OBJECTIVES A comparison of parent initiated preschool surveillance, using personal child health records, with the then current system of child health surveillance using child health records.
DESIGN Prospective, controlled trial with randomisation of five general practices into two groups.
SETTING Five general practices, a well baby clinic, and an orthoptic clinic at Yeovil District Hospital.
SUBJECTS 538 babies born between 1 April 1992 and 1 November 1994, from within the five general practices.
MAIN OUTCOME MEASURES The number of screenable abnormalities in the two groups that were missed in the first 3 years of a baby’s life.
RESULTS 163 babies from the parent initiated preschool surveillance group and 107 from the conventional group completed the study. Although all the mothers from the parent initiated preschool surveillance group understood the concept of parent initiated surveillance, 117 stated their health visitor had made their appointments. Only 45 mothers made their own appointments. The abnormality rates were: 12 of 163 and eight of 107 at 1 year and nine of 163 and six of 107 at 3 years. No medically important conditions were missed. Most mothers did not want to make their own appointments because it was inconvenient. The system was unpopular with health visitors.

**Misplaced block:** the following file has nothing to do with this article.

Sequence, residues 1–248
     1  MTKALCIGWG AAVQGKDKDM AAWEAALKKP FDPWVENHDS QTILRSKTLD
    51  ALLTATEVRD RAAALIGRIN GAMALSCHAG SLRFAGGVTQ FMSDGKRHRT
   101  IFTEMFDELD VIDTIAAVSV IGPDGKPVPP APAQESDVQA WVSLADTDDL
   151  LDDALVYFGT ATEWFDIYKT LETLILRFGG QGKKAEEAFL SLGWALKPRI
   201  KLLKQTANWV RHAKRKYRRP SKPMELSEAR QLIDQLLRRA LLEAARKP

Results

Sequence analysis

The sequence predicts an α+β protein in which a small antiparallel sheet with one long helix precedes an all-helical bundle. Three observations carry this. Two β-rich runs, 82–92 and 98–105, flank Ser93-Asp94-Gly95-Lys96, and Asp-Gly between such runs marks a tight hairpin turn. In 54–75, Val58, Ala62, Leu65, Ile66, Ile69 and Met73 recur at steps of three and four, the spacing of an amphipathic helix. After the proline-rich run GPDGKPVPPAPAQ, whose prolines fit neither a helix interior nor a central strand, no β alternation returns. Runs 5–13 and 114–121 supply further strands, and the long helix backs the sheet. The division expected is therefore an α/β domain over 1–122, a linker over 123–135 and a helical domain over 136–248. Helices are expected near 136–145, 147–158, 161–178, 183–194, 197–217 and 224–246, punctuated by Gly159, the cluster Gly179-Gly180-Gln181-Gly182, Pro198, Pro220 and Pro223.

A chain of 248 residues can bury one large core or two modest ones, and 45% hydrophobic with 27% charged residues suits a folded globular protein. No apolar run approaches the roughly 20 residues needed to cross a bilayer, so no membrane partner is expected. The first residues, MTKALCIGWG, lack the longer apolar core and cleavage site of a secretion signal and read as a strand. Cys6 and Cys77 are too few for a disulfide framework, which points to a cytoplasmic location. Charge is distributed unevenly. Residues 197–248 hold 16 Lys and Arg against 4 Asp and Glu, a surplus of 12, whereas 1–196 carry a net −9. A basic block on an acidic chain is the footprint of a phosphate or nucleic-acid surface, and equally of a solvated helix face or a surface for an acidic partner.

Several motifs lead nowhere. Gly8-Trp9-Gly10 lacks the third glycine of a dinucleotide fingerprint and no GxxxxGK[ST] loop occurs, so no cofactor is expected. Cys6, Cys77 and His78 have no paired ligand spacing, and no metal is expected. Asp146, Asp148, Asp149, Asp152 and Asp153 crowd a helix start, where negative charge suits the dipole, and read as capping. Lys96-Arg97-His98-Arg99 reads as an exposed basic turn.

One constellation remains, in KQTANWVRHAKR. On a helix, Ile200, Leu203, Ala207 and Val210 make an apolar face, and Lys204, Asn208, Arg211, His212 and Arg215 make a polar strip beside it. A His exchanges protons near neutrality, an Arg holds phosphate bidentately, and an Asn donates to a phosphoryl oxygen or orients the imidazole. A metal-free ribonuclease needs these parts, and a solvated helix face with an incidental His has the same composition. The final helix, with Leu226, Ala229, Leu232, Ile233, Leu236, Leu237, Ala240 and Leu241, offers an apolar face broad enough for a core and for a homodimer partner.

CONCLUSION Parent initiated preschool surveillance is as safe as the current system. Implementing the idea involved a small change in work practice and a large change conceptually for some of the primary health care team. It was not adopted in east Somerset.
- controlled trial
- personal child health records
- parent initiated preschool surveillance
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